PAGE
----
It is rather amazing that up until today, no US-based airline has ordered the Boeing 777-300ER. Even though nearly all the legacy US airlines (exceptions Northwest and US Airways) bought the 777, the US 777 fleet has not included the larger model.
Today American announced it has exercised options for two -300ERs. Delivery is set for late 2012. We have heard that American might consider up to 20 of these models. Interestingly American mentions slot-constrained airports as one of the reasons they are acquiring the airplane. That gives you an idea where these airplanes are likely to be seen first.
Boeing is rightly proud of this aircraft. As they point out at every opportunity: “The Boeing 777-300ER is 19 percent lighter than its closest competitor. It produces 22 percent less carbon dioxide per seat and costs 20 percent less to operate per seat.” Among most analysts the consensus is that the 777-300ER is the benchmark long-range twin airliner.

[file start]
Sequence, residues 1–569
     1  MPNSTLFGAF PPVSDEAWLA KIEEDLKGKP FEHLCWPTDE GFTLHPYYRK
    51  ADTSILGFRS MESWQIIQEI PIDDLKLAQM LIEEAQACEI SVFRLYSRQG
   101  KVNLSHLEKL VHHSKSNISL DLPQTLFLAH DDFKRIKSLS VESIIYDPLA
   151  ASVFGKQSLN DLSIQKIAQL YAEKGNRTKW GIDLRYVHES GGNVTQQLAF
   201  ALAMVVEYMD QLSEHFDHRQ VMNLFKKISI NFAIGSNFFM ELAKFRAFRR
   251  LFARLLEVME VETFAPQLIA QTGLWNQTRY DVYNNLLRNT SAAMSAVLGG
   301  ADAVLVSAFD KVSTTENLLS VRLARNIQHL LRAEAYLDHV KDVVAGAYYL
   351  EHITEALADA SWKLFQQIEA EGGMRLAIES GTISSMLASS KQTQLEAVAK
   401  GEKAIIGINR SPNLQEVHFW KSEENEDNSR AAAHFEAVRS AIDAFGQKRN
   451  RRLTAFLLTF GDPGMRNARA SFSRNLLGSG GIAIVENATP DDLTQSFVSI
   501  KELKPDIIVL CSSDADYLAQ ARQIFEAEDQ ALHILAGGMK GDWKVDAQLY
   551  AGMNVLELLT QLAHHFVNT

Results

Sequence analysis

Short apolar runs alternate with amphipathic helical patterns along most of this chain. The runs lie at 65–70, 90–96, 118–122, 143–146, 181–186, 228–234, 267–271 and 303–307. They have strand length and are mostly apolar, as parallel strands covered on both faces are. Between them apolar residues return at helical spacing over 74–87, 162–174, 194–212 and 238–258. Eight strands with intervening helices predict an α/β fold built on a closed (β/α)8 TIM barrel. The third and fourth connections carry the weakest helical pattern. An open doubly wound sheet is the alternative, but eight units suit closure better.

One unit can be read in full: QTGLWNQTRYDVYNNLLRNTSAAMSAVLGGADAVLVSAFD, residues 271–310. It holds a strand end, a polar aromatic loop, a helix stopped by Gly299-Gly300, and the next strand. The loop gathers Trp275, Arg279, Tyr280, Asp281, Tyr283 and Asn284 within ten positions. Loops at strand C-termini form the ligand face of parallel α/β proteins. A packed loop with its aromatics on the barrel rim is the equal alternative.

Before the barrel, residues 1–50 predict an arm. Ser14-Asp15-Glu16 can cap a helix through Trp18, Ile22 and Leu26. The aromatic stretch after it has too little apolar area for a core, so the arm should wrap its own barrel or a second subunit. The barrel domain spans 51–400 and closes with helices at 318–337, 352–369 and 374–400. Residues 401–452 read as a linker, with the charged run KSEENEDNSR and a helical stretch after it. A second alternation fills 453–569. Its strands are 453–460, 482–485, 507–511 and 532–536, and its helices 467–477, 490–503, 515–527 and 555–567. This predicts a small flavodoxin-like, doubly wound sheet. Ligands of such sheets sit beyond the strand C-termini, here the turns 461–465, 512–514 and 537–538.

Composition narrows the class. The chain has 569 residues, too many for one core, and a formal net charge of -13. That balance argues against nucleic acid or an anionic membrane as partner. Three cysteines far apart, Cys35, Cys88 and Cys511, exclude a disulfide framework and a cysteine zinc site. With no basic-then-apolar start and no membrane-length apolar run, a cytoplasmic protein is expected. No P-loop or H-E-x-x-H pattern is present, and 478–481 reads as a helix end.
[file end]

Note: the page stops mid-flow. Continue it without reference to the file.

The selection of this airplane by American is clearly to support its growing alliance connections. American’s decision is a good one because a large aircraft with such attractive economics and proven performance will add to both the airline and its alliance’s fleet. It’s a wonder this has not happened before.